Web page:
Pacific Vector

A Quick Guide To Password Managers

Is the cybersecurity of your enterprise up to snuff?

Are you sure?

All of the controls, systems, and processes put in place to preserve your organization from the actions of today’s savvy cybercriminals can’t help you if your teams are using simple, easy-to-guess passwords for your corporate applications.

Poor password hygiene is a leading cause of security breaches and hacks—so much so, in fact, that it is estimated to be responsible for roughly 80% of all cybercrime-related activities.

Before you go running off to enforce stronger passwords across your organization, consider the easier, much more effective approach—password managers.

As simple and intuitive as they sound, password managers are software applications that are used to store, generate, and manage passwords for individuals or groups. It might sound too good to be true, but we assure you that this is one exception that proves the rule.

Today, we’ll take a quick look at the features and functionality that make password managers so essential to modern businesses.

How Password Managers Keep You Safe

In the simplest terms, password managers are software applications that generate and store passwords for individual websites, applications, and web services on a central keychain. Consumer versions of this include Apple’s iCloud Keychain or Google’s Password Manager, but there exist plenty of third-party or enterprise applications suitable for corporate use.

In essence, these password managers all work similarly. When a user is prompted to create a password, the password manager, either through an application or web-based integration, generates a string of random characters, including numbers, letters, and special symbols. These are typically 16 characters long, and, most importantly, are completely unique each time they’re generated.

This means that whether an employee has just one account or ten, they can use a password manager to generate unique, highly secure passwords that they won’t need to write down or remember.

In order to keep these passwords safe, the manager stores them in an encrypted location. Desktop-based password managers do this on the device in question, while cloud-based passwords are stored on the service provider’s network.

In either case, the security of passwords stored on a manager is extremely high. In the case of cloud-based password managers, passwords are centrally stored in a server with high-end encryption—typically military grade—that makes it extremely difficult to breach.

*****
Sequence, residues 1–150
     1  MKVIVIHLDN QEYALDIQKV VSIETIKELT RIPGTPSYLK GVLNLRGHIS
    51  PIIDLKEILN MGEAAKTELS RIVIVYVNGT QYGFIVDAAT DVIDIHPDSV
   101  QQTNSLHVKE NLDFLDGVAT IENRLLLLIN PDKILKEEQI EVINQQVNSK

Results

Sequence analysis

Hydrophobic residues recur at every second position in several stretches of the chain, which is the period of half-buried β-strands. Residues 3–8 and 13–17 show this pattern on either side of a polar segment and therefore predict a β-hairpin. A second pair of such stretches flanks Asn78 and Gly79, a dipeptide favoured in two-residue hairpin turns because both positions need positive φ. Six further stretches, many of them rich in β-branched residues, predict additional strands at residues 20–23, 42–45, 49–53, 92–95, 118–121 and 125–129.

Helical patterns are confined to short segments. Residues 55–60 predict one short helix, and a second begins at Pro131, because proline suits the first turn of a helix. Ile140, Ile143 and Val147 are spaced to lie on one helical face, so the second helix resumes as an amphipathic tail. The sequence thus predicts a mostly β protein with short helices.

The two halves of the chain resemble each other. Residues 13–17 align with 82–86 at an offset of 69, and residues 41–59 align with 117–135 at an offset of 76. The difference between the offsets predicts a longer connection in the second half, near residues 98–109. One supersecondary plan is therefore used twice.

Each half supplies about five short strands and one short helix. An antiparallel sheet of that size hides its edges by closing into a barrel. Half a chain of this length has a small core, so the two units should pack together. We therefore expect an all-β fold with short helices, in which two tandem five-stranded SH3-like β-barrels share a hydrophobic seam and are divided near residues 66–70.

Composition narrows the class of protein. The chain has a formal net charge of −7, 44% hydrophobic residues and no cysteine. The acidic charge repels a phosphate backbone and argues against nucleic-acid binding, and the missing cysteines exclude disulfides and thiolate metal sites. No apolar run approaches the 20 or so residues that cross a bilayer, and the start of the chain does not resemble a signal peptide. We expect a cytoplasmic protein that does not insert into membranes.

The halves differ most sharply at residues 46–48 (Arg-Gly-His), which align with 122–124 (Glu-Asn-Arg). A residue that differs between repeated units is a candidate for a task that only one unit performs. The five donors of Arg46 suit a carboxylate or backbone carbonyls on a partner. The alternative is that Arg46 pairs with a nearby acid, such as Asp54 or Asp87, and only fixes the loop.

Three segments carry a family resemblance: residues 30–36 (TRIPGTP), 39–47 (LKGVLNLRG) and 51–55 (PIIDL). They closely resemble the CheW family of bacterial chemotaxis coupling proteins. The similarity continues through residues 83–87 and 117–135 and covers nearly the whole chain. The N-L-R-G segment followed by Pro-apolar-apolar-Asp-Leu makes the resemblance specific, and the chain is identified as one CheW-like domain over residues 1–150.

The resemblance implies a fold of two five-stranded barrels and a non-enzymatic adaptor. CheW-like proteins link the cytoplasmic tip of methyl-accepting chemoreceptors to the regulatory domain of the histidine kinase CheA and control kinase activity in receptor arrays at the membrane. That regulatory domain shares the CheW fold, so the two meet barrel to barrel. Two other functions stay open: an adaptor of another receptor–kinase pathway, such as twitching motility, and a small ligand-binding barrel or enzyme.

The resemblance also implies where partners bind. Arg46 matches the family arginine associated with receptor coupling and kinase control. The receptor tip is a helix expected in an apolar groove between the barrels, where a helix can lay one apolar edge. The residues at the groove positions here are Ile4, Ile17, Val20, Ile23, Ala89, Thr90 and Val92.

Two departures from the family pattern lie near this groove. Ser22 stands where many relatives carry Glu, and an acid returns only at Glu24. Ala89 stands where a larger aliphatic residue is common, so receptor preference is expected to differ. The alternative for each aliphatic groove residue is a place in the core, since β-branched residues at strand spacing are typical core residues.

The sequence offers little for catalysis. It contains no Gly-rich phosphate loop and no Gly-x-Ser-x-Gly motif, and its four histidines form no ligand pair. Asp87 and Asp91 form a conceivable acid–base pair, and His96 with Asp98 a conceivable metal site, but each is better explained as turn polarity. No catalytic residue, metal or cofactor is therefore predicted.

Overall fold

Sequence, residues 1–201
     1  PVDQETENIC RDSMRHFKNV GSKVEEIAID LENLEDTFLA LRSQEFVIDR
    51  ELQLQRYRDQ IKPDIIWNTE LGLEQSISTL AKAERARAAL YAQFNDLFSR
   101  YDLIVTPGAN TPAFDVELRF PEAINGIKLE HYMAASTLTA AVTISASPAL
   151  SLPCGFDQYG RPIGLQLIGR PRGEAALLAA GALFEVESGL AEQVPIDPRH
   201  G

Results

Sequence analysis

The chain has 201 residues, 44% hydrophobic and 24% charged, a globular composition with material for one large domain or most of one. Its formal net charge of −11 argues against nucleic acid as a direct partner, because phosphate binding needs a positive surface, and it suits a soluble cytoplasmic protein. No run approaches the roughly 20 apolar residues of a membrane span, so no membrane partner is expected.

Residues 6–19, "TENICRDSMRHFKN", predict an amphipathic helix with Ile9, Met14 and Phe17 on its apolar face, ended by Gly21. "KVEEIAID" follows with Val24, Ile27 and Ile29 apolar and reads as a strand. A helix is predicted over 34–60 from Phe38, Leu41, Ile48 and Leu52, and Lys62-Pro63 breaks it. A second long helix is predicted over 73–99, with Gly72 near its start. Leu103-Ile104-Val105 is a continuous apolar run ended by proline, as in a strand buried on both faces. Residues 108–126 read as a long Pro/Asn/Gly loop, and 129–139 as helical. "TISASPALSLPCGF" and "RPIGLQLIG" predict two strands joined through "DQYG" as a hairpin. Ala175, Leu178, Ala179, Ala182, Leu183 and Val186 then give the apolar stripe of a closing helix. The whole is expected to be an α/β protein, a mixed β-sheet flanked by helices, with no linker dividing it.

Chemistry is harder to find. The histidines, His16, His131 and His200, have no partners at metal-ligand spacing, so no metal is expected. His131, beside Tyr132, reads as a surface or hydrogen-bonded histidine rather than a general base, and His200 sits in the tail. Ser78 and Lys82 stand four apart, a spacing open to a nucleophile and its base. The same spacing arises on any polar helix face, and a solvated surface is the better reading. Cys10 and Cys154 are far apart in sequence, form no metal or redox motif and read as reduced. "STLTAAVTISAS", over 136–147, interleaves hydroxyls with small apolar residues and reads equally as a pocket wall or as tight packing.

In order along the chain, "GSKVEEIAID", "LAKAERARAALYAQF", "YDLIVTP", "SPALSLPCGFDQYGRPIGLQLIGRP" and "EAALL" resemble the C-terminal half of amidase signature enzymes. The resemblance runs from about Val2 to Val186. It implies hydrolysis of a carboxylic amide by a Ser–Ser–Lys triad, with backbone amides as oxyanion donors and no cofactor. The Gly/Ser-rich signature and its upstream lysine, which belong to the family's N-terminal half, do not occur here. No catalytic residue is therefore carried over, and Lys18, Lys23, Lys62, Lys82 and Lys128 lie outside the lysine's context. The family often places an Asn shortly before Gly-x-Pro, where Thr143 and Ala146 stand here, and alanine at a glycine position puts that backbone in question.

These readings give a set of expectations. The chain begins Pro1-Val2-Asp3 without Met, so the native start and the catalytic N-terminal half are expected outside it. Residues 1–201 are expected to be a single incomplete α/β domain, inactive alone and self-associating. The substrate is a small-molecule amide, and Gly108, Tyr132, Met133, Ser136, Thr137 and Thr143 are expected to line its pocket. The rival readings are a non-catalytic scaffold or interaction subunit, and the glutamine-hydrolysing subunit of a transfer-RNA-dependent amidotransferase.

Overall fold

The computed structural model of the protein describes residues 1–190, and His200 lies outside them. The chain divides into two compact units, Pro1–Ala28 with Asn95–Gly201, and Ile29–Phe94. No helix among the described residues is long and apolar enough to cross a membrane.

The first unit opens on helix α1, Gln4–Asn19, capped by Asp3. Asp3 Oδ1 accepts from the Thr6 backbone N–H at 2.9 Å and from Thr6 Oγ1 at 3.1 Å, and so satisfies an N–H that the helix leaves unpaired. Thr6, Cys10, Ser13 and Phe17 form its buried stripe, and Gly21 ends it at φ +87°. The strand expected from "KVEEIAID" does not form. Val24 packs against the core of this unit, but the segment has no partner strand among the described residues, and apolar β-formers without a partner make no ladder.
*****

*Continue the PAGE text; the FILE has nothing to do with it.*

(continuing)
Quick Tips for Password Manager Success

If you’re ready to commit to the use of a password manager to secure your corporate accounts, here are a few helpful tips to get you started.

Don’t treat password managers as a one-size-fits-all solution. Password managers are incredible tools for enhancing security, but they work best when paired with other tools. For example, SSO—single-sign on—solutions work excellently in conjunction with password managers. Similarly, multi-factor authentication can add that extra layer of security to give you complete peace of mind.

Don’t make the mistake of opting for a free solution. It might be tempting, especially for smaller businesses, but free password managers often suffer from sub-standard encryption, as well as a lack of essential features. If your business is processing any sensitive data, always go the extra mile with a paid solution to ensure that your data is in safe hands.

Enforce a strong password policy. Password managers still need the user to provide a master password in order to unlock their accounts, so it’s essential that this password is highly secure. Work with your IT team to build a password policy that enforces resilience and security by eliminating short, easy-to-guess words and phrases.

The Final Word on Password Managers

In today’s day and age, it’s important to use the tools you have available to ensure that your business and its assets are safe from harm. Password managers have proven themselves to be extremely effective at preserving password integrity, so there’s really no excuse not to be using one to your advantage. We hope that this article has convinced you, and that you’re ready to take the necessary next step in enhancing your corporate security.

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